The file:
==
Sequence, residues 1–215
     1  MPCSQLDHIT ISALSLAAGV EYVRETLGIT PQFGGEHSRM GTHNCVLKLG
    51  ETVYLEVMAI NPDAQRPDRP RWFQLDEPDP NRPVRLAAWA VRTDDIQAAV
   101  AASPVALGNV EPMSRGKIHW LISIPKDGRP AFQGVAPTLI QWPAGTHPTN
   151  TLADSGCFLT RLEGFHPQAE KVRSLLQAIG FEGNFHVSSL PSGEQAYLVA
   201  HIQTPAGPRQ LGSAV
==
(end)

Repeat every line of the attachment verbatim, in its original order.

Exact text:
Sequence, residues 1–215
     1  MPCSQLDHIT ISALSLAAGV EYVRETLGIT PQFGGEHSRM GTHNCVLKLG
    51  ETVYLEVMAI NPDAQRPDRP RWFQLDEPDP NRPVRLAAWA VRTDDIQAAV
   101  AASPVALGNV EPMSRGKIHW LISIPKDGRP AFQGVAPTLI QWPAGTHPTN
   151  TLADSGCFLT RLEGFHPQAE KVRSLLQAIG FEGNFHVSSL PSGEQAYLVA
   201  HIQTPAGPRQ LGSAV